Studio: international art — 17.1899

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is an axiom. The weird school is represented in
Frank Stuck’s Das Meerweib and Gustav Klimt’s

Pallas Athene. D’Espagnat’s Baigneuses is by
far the finest nude, though Renoir’s Bathing,
Bruckman’s By the Fountain, Sichel’s A Bather,
and B. Davies’ The Waterfall', are all deserv-
ing of notice. Decorative art is not particularly
strong. Walter Crane sends the Fate of Pro-
serpine, and Gerald Moira exhibits his Peleas
and Melisande. Admirable is Mrs. Swynner-

ton’s Summer Music, and full of vitality George
McCulloch’s Caliban and Ariel. I like very much,
too, Mr. E. A. Walton’s Sundial, Mr. Cadby’s
lighter fantasies, and Mr. H. M. Livens’ Fowls.
In sculpture and the applied arts there is plenty
of excellent work. Rodin is again represented;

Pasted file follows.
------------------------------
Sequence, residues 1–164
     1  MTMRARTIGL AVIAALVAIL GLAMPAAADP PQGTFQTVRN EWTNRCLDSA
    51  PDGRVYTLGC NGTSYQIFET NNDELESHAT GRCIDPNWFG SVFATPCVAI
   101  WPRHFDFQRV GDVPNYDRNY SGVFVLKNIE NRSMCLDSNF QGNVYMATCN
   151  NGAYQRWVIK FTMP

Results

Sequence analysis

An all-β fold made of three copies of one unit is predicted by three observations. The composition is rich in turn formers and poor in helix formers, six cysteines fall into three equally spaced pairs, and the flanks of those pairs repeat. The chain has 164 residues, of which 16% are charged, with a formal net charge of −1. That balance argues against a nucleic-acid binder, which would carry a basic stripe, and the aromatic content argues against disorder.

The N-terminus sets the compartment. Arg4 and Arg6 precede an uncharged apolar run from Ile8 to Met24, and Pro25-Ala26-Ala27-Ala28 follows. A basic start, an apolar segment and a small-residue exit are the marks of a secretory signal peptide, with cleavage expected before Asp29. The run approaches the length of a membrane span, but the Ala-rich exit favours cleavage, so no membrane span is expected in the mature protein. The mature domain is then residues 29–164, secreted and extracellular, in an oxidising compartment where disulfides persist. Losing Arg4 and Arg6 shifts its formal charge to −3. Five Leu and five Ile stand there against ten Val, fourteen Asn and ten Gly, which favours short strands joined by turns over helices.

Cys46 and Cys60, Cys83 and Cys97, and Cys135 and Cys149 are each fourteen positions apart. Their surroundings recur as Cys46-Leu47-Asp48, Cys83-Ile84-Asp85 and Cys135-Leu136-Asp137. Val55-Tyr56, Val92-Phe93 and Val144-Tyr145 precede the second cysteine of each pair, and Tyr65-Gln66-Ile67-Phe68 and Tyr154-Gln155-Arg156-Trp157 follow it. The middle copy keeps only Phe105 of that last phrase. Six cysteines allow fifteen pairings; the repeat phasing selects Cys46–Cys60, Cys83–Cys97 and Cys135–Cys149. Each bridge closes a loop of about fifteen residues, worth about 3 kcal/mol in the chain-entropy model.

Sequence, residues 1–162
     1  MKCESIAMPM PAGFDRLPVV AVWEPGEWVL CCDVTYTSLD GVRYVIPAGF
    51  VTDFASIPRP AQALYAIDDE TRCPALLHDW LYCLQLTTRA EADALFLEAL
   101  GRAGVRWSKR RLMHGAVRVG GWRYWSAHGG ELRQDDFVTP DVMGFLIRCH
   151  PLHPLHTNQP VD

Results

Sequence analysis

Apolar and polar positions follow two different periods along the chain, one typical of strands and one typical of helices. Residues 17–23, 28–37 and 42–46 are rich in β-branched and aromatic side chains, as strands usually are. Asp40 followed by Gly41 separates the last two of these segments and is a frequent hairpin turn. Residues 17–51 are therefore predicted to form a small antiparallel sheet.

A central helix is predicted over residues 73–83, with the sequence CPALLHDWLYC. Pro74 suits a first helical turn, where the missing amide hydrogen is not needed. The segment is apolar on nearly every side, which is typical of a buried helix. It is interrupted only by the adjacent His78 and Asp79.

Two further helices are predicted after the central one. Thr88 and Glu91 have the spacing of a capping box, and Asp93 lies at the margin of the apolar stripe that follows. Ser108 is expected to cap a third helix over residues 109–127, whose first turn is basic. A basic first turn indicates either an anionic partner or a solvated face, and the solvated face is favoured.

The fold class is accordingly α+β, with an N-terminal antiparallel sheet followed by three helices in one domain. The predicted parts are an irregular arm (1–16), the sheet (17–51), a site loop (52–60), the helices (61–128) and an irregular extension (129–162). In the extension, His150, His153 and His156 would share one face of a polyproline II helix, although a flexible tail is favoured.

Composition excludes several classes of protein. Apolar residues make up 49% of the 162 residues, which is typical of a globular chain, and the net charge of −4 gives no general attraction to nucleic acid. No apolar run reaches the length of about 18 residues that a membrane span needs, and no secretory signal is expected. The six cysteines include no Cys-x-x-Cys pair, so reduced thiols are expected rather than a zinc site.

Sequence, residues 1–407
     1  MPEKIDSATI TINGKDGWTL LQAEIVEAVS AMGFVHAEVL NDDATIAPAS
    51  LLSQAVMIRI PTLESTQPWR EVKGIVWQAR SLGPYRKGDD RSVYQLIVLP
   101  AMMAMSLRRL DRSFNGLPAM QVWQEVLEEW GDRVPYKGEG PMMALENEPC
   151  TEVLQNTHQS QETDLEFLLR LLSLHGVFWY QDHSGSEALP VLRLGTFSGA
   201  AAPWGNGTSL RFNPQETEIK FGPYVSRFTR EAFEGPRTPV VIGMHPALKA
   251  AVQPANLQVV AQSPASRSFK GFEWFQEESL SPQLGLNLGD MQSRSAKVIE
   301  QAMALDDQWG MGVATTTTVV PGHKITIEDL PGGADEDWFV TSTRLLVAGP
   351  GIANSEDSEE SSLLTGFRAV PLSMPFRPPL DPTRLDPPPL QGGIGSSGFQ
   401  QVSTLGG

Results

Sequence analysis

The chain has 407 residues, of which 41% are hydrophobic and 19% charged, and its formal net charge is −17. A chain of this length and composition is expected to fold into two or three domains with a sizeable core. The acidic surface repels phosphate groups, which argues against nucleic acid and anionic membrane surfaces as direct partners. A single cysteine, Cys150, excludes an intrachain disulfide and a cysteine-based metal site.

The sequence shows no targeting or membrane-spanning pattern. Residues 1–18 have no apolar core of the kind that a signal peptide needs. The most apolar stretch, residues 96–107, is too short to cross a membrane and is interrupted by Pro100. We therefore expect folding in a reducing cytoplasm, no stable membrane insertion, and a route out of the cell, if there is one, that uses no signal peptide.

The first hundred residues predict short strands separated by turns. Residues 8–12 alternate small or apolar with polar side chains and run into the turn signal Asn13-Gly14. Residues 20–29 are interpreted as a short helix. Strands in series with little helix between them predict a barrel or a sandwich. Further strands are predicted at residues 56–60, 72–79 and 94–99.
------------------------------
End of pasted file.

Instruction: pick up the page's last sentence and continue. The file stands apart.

and although the exhibition of drawings and prints
is not quite so complete as it was last year, it is a
highly important one.

Jas. Stanley Little.




(From our own


Holland Fine
Art Gallery is
certainly doing
its best to keep
up the excellent reputation
which it established by its
first exhibition. At present
it is occupied by a fresh
collection of pictures which
are almost without excep-
tion admirably representa-
tive of the best effort of
the modern Dutch school,
and are extremely attractive
as examples of sound tech-
nique and judicious expres-
sion. Nothing trivial or
commonplace appears, and
quite a number of the
works rank as artistic
achievements of the first
importance. One of the
most notable is a large,
freely-painted sketch, The
Hearth, by James Maris;
and scarcely less worthy of
attention are the brilliant
colour study, A Japanese
Lady, by G. H. Breitner,
The Cradle, a very ably
treated interior by A. Neu-
huys, and the drawings of
M. Bauer. Some land-
scapes in oil and water-
colour by G. Poggenbeek, a
reserved and sombre sea-
scape by T. H. de Bock,
and some smaller pictures

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